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Recharacterizing the levels of scrutiny in First Amendment cases?

I noticed something slightly odd about the Supreme Court’s decision in McCullen v. Coakley — the way in which it characterized two of its prior precedents.

First, Holder v. Humanitarian Law Project. In that case the Supreme Court upheld a federal statute that banned material support to designated terrorist groups, reasoning that the statute appropriately furthered “an urgent objective of the highest order.” The analysis sort of mirrored the Court’s “strict scrutiny” test, which also seemed like the test commanded by precedent. And yet curiously the Court never used the words “strict scrutiny” or “compelling interest” or “narrowly tailored.”

At the time, I assumed that the omission of the phrase “strict scrutiny” was intentional — that some members of the Court were unwilling to join an opinion upholding the law under strict scrutiny, but were willing to uphold it under some slightly more amorphously-articulated standard (perhaps thinking that the national security context was different).

I guess not. Here’s McCullen:

It is not unu­sual for the Court to proceed sequentially in applying a constitutional test, even when the preliminary steps turn out not to be dispositive. See, e.g., Bartnicki v. Vopper, 532 U. S. 514, 526–527 (2001); Holder v. Humanitarian Law Project, 561 U. S. 1, 25–28 (2010) (concluding that a law was content based even though it ultimately survived strict scrutiny).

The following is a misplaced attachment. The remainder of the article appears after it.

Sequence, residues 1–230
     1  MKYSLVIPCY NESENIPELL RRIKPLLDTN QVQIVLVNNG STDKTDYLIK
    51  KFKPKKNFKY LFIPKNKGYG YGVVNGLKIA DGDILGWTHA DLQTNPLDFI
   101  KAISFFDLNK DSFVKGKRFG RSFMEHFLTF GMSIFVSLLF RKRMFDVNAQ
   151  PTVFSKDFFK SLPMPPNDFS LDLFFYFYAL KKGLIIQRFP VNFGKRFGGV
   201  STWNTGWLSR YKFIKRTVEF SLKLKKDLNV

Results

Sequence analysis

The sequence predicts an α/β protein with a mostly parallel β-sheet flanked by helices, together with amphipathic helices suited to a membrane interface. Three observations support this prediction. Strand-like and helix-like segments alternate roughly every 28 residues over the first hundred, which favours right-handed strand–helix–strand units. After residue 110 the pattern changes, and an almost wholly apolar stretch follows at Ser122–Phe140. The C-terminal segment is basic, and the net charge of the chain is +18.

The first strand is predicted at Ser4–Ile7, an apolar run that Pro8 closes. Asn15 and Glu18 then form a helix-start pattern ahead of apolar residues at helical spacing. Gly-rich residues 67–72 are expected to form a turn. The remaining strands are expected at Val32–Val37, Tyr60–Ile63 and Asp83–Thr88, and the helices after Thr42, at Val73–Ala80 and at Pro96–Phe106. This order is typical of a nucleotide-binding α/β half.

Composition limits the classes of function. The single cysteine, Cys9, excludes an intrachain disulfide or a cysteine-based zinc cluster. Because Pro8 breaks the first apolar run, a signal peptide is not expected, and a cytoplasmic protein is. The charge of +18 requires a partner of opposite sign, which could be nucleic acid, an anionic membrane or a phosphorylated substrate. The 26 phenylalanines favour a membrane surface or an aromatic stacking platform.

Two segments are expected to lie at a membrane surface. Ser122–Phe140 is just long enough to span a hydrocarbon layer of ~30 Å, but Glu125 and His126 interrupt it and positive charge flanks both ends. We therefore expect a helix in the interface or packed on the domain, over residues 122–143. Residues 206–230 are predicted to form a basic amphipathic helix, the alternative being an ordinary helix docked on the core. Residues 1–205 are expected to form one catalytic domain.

Second, McCutcheon and Buckley. Those campaign finance cases had analyzed limits on campaign contributions under a “rigorous standard of review” under which the government must “demonstrate[] a sufficiently important interest and employs means closely drawn to avoid unnecessary abridgement of associational freedoms.”

Once again, McCullen converts this into one of the “hornbook” levels of scrutiny:

The Court does sometimes assume, without deciding, that a law is subject to a less stringent level of scrutiny, as we did earlier this Term in
McCutcheon v. Federal Election Commission, 572 U. S. ___, ___ (2014) (plurality opin­ion) (slip op., at 10). But the distinction between that case and this one seems clear: Applying any standard of review other than intermediate scrutiny in McCutcheon—the standard that was assumed to apply—would have re­quired overruling a precedent.

I confess, I found both of these characterizations a little surprising. I had thought that both McCutcheon and Humanitarian Law Project went out of their way to avoid using terms like “strict scrutiny” and “intermediate scrutiny.” But I guess I was wrong, and the terminology turned out not to be so important after all. (For what it’s worth, all three opinions — McCullen, McCutcheon, and Humanitarian Law Project — were written by the Chief Justice.)

(Thanks to Danielle Zimmerman for pointing out the former change.)

Will Baude is an assistant professor at the University of Chicago Law School, where he teaches constitutional law and federal courts. His recent articles include Rethinking the Federal Eminent Domain Power, (Yale Law Journal, 2013), and Beyond DOMA: State Choice of Law in Federal Statutes, (Stanford Law Review, 2012).



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